I did some mercury resonance radiation work up in the attic and burned my eyes with ultra-violet light, wore goggles, of course, but I was using two mercury arcs in order to get very intense and focus both of them. I forgot that it would go in behind the goggles. I thought I was going to lose my sight. I called R. W. Wood up about 4 o’clock one morning told him about it. I was really worried. He said, "Oh, relax, I’ve had it happen about five times. It sure is uncomfortable, but you won’t go blind."
(AIP does not endorse burning your retinas!)
Norman Feather recalled a story which hints at Wood’s attitudes towards cars and religion:
I’d arranged to go up to London to meet Wood at the Artillery Mansions Hotel on Victoria Street, have lunch with him and be introduced to his wife, and he’d take me along to the American Embassy to get all my travel documents fixed up. So I did, and he did, and we were in Grosvenor Square and just stepping off the pavement to go across to the embassy, and an Austin 7 came around the corner. He jumped back and he said, “Gee — there’s nothing more disrespectful to humankind than to be run down by Austin 7, unless it is to be converted by a child evangelist”!
And David Rittenhouse Inglis suggested that Wood maybe even spilled the beans about the atomic bomb:
I learned — particularly from R.W. Wood, who couldn’t keep a secret, and was very high in the councils of the Physical Society — that people were really taking this fission bomb business seriously. He and I discussed it.
Looking for Robert Wood in the Emilio Segrè Visual Archives, much like in the oral histories, reveals even more aspects of a man who was quite the character. One of the crucial accessories of Wood’s character seems to have been his tobacco pipe, which he is usually holding in his pictures. (See the image gallery at the bottom of the page.)
The pipe even made it into literal caricatures of Wood, as in one illustration from The Evening Star, shown in the image gallery, in which the artist has made Wood's nose and chin parallel the long thin pipe. The small poem below the drawing reads:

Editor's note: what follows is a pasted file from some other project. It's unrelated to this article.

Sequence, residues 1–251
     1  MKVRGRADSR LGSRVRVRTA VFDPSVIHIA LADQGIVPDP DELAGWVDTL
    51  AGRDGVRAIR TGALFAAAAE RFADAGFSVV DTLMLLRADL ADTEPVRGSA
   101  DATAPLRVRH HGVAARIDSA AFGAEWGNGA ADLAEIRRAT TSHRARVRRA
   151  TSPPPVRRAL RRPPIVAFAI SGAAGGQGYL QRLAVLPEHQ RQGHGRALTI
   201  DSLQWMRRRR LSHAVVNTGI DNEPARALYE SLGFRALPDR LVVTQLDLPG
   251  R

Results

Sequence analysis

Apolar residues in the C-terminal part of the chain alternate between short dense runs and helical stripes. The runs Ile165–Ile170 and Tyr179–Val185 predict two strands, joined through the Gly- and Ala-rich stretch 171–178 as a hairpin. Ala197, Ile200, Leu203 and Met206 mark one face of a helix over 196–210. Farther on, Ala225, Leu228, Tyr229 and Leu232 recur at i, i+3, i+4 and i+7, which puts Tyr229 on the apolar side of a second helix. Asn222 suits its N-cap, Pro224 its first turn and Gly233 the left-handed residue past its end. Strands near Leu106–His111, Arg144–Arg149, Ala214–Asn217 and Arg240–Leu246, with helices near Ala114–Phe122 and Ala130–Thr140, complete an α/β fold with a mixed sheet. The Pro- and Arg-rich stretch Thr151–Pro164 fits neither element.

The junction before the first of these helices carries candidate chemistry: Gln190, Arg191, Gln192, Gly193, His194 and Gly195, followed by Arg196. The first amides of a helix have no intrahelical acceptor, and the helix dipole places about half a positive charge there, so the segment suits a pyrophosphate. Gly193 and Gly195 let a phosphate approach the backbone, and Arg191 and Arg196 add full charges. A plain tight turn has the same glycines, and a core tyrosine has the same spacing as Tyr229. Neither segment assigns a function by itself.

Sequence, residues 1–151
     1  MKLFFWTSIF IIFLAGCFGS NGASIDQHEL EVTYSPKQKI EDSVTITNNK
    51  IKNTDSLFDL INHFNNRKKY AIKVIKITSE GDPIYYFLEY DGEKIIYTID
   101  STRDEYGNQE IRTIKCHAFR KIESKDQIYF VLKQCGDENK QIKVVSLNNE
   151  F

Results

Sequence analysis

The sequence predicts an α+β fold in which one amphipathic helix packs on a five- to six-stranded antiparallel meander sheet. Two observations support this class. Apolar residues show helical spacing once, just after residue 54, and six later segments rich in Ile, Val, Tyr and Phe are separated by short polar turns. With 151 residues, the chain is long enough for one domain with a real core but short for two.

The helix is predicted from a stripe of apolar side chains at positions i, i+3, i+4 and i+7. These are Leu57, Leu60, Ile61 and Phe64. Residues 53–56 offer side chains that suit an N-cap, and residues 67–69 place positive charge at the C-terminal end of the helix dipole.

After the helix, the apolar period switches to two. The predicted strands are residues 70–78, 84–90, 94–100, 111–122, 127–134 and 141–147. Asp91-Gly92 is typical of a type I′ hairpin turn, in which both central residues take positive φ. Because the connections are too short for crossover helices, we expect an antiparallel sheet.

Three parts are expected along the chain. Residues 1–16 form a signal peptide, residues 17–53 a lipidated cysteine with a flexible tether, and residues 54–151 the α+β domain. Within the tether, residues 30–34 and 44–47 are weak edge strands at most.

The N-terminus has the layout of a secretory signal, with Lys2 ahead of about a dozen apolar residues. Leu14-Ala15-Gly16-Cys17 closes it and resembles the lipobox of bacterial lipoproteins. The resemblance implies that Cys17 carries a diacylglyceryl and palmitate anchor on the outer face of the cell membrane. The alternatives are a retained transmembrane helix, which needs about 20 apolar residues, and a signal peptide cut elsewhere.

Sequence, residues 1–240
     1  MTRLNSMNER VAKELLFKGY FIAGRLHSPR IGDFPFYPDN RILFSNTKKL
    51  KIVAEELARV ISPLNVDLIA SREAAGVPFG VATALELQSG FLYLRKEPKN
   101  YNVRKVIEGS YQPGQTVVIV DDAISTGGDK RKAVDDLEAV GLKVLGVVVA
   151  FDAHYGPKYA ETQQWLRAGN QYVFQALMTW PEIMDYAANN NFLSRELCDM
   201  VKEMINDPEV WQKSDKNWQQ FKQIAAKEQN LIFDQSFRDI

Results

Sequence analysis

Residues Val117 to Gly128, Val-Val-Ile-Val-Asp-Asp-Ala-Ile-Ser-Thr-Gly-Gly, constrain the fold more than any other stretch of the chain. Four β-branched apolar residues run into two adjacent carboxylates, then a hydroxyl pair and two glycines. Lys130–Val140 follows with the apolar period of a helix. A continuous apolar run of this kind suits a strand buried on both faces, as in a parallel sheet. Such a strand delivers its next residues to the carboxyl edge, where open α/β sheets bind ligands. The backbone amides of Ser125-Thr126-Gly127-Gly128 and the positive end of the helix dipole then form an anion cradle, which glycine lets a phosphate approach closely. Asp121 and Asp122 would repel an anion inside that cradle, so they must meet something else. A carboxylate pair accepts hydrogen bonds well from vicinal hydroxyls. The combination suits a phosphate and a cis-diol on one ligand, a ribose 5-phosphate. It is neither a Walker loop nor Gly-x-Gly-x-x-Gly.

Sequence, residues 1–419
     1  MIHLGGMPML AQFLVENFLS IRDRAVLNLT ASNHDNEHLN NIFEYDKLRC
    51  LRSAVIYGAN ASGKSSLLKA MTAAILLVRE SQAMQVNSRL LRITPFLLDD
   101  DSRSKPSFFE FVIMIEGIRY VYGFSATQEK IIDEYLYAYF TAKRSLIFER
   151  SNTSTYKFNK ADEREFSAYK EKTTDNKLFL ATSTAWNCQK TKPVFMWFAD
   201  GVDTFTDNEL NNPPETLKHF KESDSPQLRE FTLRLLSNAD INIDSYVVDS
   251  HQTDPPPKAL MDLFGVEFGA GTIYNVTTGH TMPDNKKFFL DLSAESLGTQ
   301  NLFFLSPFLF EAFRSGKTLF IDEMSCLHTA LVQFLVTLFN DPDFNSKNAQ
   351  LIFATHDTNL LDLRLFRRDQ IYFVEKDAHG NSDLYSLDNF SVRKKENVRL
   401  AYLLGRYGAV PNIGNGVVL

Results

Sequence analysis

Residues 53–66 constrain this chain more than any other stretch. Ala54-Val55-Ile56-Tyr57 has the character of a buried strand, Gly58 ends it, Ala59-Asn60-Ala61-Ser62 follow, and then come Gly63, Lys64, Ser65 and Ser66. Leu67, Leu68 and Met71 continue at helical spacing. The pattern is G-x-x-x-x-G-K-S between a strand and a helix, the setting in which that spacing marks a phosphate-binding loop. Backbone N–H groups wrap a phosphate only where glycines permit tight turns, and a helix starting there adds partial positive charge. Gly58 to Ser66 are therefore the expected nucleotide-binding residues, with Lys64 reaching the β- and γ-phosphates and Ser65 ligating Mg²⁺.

When Einstein bent a ray of light
The learned world emitted whoops;
But Robert – if we’ve got him right –
Has made that same ray jump through hoops.
Wood the Poet:
And finally, in addition to writing numerous scientific articles, Robert W. Wood wrote two science fiction novels (The Man Who Rocked the Earth and The Moon Maker) and two books of light-hearted poetry (How to Tell the Birds from the Flowers and Animal Analogues). How to Tell the Birds from the Flowers is his most famous work of non-scientific writing and has been among my favorite works for many years. In this book (now in the public domain and available to read on Project Gutenberg), Wood compares different kinds of plants and birds in illustrations and verse.
The line drawing illustrations make, for example, the clover (plant) and the plover (bird) look very much alike. Then the following lines tell you how you can tell the two apart. As with other poems in the book, this poem uses word play and jokes about grammar and spelling.
The text of the poem reads:
The Plover and the Clover can be told apart with ease,
By paying close attention to the habits of the Bees,
For ento-molo-gists aver, the Bee can be in Clover,
While ety-molo-gists concur, there is no B in Plover.
For another example, there’s a poem on the parrot and the carrot accompanied by another clever illustration.
The Parrot and the Carrot we may easily confound,
They're very much alike in looks and similar in sound,
We recognize the Parrot by his clear articulation,
For Carrots are unable to engage in conversation.
If I were going to write a Wood-style poem about Robert W. Wood (and I wouldn’t even attempt the illustrations), it would go something like this:
The Physicist and the Poet are a similar type
They rule their lines and carry a pipe.
Separate domains divide where they have stood,
But in this case they were united in a Wood.
References and Further Reading:
Dieke, Gerhardt H. “Robert Williams Wood, 1868-1955.” Biographical Memoirs of the Fellows of the Royal Society. Vol 2. (November 1956): 326-345. https://doi.org/10.1098/rsbm.1956.0022
Interview of David Rittenhouse Inglis by Steve Heims on 1977 May 9, Niels Bohr Library & Archives, AIP. https://www.aip.org/history-programs/niels-bohr-library/oral-histories/4690-1
Interview of Earle Plyler by E. Scott Barr and W. James King on 1964 April 7, Niels Bohr Library & Archives, AIP. https://www.aip.org/history-programs/niels-bohr-library/oral-histories/4828
Interview of George Vinal by W. James King on 1964 March 20, Niels Bohr Library & Archives, AIP. https://www.aip.org/history-programs/niels-bohr-library/oral-histories/4934
Interview of Karl Herzfeld by Bruce Wheaton on 1978 May 11, Niels Bohr Library & Archives, AIP. https://www.aip.org/history-programs/niels-bohr-library/oral-histories/4669
Interview of Merle Tuve by Charles Weiner on 1967 March 30, Niels Bohr Library & Archives, AIP. https://www.aip.org/history-programs/niels-bohr-library/oral-histories/4920
Interview of Norman Feather by Charles Weiner on 1971 February 25, Niels Bohr Library & Archives, AIP. www.aip.org/history-programs/niels-bohr-library/oral-histories/4599-1
Seabrook, William. Doctor Wood: Modern Wizard of the Laboratory. New York: Harcourt, Brace and Company, 1941.
“September 1904: Robert Wood Debunks N-rays,” APS News 16, no. 8 (August/September 2007), 2. https://www.aps.org/publications/apsnews/200708/history.cfm
Wood, R. W. How to Tell the Birds from the Flowers. San Francisco: Paul Elder and Company, 1907. https://www.gutenberg.org/ebooks/159